“Life would have been much easier if I believed in fairy tales,” remarks Fortunata at the beginning of Fortune’s Folly. Unfortunately, life for Fortunata and her father has been far too hard of late; since his wife’s death, Fortunata’s father, formerly a prize-winning shoemaker, has completely lost his talent and is now only able to make ill-fitting shoes in preposterous designs.
Forced to flee their home city after the enterprising Fortunata outsmarts and infuriates a powerful man, Fortunata and her father fall in with a traveling performance troupe. From the group’s clever fortune-teller, Fortunata learns the art of prognostication, which, she discovers, has infinitely more to do with observation and careful guesswork than with supernatural powers.
Fortunata soon develops her own reputation as a skilled fortune-teller, a skill that will be sorely tested in the city of Doma. There she is enlisted to predict a future path for Prince Leonato, a handsome but unconfident youth. Fortunata concocts a dangerous, romantic, wildly unlikely future for Leonato—only to learn that if these events don’t come true, Fortunata’s beloved father will be put to death. Can Fortunata take destiny into her own hands—and maybe find love (and a little magic) along the way?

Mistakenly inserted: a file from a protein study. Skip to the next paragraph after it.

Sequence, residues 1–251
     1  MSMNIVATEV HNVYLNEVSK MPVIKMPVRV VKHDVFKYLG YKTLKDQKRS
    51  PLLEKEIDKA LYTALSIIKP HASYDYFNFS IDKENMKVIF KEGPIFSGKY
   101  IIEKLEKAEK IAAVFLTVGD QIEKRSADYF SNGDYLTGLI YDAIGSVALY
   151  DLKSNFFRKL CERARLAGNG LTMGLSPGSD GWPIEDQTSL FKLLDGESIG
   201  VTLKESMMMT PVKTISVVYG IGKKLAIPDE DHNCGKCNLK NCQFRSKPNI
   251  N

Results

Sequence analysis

In her debut novel, Deva Fagan cleverly slips elements of several beloved fairy tales, from “Cinderella” to “Rapunzel,” into her story, playfully turning these old motifs on their heads. Although the novel’s basic plot (girl meets unattainable boy, the two fall in love, complications ensue, love conquers all) might seem a little like a fairy tale itself, Fortunata’s pragmatic outlook and slyly witty narration make the novel thoroughly modern. This tough, creative, fearless heroine will give readers someone to root for—whether they believe in fairy tales or not.
Norah Piehl is a writer and editor who lives near Boston.